Cabbage, Brassica oleraceae L., and French beans, Phaseolus vulgaris L., are important vegetables grown in Ghana. However, attack by insect pests affects their quality and marketable yield. On-farm experiment was undertaken during the major rainy season of 2012 at Afari and Kpong, in the moist Semi Deciduous Forest and Coastal Savanna agro-ecological zones of Ghana, respectively, to explore the use of homemade extracts from fruit of hot pepper, Capsicum frutescens L. in the management of insect pests of cabbage and French beans. The treatments included a crude water extract from pepper fruit (20 g/l w/v), the semi-synthetic insecticide emamectin benzoate, ATTACK® (1 ml/l v/v) and tap water as a control. The dominant pests found on cabbage at both locations were the diamondback moth (DBM), Plutella xylostella (L.), the cabbage aphid, Brevicoryne brassicae (L.) and the whitefly, Bemisia tabaci (Gennadius). On French beans, the flower thrips, Megalurothrips sjostedti (Trybom), the whitefly, B. tabaci and a range of leafhoppers, Empoasca spp. were found at both locations. The cowpea aphid, Aphis craccivora (Koch) was present only at Kpong. Among the natural enemies found on cabbage at both locations were the larval parasitoid, Cotesia plutellae (Kurdjumov), the ladybird beetles, Cheilomenes spp., hoverflies and a number of spiders. On French beans, ladybirds and spiders were observed only at Kpong. Generally, the application of pepper and emamectin benzoate were effective in controlling some pests of cabbage and French beans and also conserved the natural enemies. Emamectin benzoate and pepper treated-plots had higher yields of French beans than the control plots at Afari. The potential of homemade pepper spray for pest management on smallholder farms, backyard gardens and in organic vegetable production systems is discussed.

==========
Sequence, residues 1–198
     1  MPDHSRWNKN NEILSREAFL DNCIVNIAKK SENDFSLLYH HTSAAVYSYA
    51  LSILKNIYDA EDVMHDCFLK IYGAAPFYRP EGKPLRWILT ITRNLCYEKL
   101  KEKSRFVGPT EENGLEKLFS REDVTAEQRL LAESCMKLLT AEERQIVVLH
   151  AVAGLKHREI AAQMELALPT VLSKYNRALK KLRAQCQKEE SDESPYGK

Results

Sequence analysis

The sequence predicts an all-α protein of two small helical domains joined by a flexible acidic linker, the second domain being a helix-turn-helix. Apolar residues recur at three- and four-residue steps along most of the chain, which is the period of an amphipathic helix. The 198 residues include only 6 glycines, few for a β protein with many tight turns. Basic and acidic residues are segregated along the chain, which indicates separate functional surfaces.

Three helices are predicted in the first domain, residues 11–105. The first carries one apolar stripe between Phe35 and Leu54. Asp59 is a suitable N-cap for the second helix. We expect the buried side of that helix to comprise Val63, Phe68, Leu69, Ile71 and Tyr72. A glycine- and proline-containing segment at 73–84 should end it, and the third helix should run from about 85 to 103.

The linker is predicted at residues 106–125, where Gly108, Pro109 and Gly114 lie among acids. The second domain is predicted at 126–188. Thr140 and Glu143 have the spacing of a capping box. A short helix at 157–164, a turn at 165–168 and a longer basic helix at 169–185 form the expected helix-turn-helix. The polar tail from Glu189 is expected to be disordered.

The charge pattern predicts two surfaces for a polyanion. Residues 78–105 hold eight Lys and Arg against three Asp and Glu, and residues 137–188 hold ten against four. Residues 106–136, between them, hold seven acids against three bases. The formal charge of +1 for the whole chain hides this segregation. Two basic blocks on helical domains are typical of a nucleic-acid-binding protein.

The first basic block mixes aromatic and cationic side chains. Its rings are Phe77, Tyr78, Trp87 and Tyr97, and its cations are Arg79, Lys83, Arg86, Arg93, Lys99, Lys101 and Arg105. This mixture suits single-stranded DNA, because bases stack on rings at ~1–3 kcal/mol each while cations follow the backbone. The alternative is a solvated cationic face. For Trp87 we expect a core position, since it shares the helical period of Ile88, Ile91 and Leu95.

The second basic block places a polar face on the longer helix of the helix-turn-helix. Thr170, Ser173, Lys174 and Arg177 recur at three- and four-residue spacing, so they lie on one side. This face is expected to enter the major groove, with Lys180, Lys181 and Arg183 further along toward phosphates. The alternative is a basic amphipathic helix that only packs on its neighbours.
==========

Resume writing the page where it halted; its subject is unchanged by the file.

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Vol. 22 • No. 3